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Borderland: A Journey through the History of…
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Borderland: A Journey through the History of Ukraine (1997)

by Anna Reid

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I may never get hold of these books about the Ukraine, but are on my wishlist to remind me to look out for them. While the Ukraine interests me I am actually looking for books about preWW1 migrations into and from the Russian - Belarus area, so if anyone knows of any please let me know. (incl. biographies,histories,memoirs etc.) Thanks.
1 vote | velvetink | Mar 31, 2013 |
Borderland: A Journey through the History of Ukraine is a fascinating book that combines a general history of Ukraine with the author's anecdotes of life a the Ukraine correspondent for the British Press. Her method of assigning chapters geographic locations is, in my humble opinion, genius. This way, you not only get a sense of Ukraine's history, but also its present.

Ukraine is a fascinating country, straddling Eastern and Central Europe. The very word Ukraine means "borderland" (hence the title). For the longest time, there was no country there, but rather the borders of several: Byzantium, Turkey, Poland, Russia, Austria-Hungary, among others. How this border region accidentally became an independent state is the focus of Reid's book.

As Reid is a journalist, not a historian, this is not an academic work filled with footnotes; there are a few endnotes, but nothing more. Someone interested in an academic treatment of the subject should look to a book like Andrew Wilson's The Ukrainians. But if you just want to know a bit about modern Ukraine, or perhaps you've read Gregor von Rezzori and want to learn more about Chernivtsi (aka Czernopol), this is a book for you.

Full Review is on my 75 challenge thread, Here ( )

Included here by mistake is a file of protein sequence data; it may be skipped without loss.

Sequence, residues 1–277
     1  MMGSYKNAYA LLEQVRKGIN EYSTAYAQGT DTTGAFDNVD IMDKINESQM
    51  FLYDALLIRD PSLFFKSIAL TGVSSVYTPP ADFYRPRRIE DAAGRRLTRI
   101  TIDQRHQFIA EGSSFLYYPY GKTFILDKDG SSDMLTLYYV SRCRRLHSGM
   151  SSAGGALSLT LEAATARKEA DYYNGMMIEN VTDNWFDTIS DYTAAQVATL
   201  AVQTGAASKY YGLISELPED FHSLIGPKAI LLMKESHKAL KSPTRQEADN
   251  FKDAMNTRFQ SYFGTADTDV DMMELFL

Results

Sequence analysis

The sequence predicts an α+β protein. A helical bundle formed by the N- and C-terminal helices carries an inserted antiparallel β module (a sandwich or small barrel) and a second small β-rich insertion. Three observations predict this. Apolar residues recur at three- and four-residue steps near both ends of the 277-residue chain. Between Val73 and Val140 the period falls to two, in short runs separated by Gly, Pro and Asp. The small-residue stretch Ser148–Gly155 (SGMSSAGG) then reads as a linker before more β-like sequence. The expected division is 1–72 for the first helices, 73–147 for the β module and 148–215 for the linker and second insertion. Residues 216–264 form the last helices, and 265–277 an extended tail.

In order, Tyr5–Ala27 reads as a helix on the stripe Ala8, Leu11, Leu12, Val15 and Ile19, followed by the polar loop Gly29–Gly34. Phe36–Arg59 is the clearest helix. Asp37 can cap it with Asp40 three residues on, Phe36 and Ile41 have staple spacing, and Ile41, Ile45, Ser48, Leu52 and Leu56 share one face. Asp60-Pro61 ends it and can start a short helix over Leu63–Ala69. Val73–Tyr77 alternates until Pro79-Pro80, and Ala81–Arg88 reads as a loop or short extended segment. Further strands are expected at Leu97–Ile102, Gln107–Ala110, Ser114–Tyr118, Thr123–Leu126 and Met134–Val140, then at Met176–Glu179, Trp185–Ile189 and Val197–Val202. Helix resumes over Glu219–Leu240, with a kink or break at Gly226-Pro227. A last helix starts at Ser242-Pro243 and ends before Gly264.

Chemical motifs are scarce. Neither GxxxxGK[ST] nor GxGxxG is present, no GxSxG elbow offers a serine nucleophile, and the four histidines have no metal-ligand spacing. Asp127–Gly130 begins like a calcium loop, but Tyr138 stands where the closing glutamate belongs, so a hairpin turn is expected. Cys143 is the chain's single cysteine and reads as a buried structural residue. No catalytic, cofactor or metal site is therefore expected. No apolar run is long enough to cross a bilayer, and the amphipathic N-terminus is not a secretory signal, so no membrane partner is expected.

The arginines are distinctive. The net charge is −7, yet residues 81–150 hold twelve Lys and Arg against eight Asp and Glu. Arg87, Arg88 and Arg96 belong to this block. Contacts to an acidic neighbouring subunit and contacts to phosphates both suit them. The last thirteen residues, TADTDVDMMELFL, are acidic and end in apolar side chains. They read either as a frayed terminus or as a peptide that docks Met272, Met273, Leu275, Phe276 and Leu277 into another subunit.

1 vote inge87 | Feb 6, 2013 |
One of the best books I've read in a long time. A sympathetic account that covers the good and the bad; Kievan Rus, Batu Kahn, Poland /Lithuania, Austro Hungarian Galicia, Jews, Russia, wars and deportations. As she says,"Ukraina is literally translated as "on the edge" or "borderland", and that is exactly what it is. ( )
4 vote Miro | Oct 8, 2005 |
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Amazon.com Product Description (ISBN 0813337925, Paperback)

Borderland tells the story of Ukraine. A thousand years ago it was the center of the first great Slav civilization, Kievan Rus. In 1240, the Mongols invaded from the east, and for the next seven centureies, Ukraine was split between warring neighbors: Lithuanians, Poles, Russians, Austrians, and Tatars. Again and again, borderland turned into battlefield: during the Cossack risings of the seventeenth century, Russia’s wars with Sweden in the eighteenth, the Civil War of 1918–1920, and under Nazi occupation. Ukraine finally won independence in 1991, with the collapse of the Soviet Union. Bigger than France and a populous as Britain, it has the potential to become one of the most powerful states in Europe.In this finely written and penetrating book, Anna Reid combines research and her own experiences to chart Ukraine’s tragic past. Talking to peasants and politicians, rabbis and racketeers, dissidents and paramilitaries, survivors of Stalin’s famine and of Nazi labor camps, she reveals the layers of myth and propaganda that wrap this divided land. From the Polish churches of Lviv to the coal mines of the Russian-speaking Donbass, from the Galician shtetlech to the Tatar shantytowns of Crimea, the book explores Ukraine’s struggle to build itself a national identity, and identity that faces up to a bloody past, and embraces all the peoples within its borders.

(retrieved from Amazon Thu, 12 Mar 2015 18:25:14 -0400)

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